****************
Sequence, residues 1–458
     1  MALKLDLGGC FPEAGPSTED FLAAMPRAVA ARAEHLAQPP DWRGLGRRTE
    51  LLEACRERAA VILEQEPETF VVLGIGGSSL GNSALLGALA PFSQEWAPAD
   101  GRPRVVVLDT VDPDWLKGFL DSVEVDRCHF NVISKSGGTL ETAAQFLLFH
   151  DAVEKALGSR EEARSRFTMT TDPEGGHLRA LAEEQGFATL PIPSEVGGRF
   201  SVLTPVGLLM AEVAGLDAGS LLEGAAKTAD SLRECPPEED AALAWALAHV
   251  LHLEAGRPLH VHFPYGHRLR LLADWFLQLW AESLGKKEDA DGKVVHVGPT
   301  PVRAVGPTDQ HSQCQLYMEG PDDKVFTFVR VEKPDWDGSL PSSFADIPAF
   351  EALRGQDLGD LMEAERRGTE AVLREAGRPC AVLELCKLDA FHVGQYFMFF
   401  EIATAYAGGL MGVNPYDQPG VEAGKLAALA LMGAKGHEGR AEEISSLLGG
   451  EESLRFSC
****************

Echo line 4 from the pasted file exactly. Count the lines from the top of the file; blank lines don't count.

   101  GRPRVVVLDT VDPDWLKGFL DSVEVDRCHF NVISKSGGTL ETAAQFLLFH